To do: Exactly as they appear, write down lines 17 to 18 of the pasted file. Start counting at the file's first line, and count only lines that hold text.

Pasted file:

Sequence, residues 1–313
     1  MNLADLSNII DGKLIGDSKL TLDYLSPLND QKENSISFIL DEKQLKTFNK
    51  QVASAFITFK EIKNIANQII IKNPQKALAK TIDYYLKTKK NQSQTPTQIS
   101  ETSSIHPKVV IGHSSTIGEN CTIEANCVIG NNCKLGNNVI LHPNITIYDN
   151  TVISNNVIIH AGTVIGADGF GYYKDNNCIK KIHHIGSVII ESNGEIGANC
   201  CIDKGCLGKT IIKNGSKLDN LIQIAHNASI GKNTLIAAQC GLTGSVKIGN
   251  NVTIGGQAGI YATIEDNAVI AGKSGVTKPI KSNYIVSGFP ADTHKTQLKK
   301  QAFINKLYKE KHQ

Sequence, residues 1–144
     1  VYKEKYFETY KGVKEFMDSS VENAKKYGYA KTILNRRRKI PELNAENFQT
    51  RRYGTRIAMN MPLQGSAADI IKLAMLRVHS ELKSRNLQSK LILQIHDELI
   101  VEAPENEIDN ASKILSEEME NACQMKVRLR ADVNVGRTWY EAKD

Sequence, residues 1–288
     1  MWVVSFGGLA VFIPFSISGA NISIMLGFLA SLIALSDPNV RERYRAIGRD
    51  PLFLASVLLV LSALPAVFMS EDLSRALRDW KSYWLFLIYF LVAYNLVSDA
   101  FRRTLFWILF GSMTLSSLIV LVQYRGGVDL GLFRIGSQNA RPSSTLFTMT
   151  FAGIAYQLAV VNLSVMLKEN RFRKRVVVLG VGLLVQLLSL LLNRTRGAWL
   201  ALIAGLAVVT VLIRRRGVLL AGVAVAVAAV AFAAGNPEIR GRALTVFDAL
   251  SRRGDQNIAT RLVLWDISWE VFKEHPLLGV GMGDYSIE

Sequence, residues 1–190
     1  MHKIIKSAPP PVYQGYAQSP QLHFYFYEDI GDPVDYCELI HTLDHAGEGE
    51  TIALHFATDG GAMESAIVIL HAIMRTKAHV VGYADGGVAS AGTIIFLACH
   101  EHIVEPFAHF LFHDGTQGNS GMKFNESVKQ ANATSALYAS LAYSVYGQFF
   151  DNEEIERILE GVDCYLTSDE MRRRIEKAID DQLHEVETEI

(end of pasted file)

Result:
   151  FAGIAYQLAV VNLSVMLKEN RFRKRVVVLG VGLLVQLLSL LLNRTRGAWL
   201  ALIAGLAVVT VLIRRRGVLL AGVAVAVAAV AFAAGNPEIR GRALTVFDAL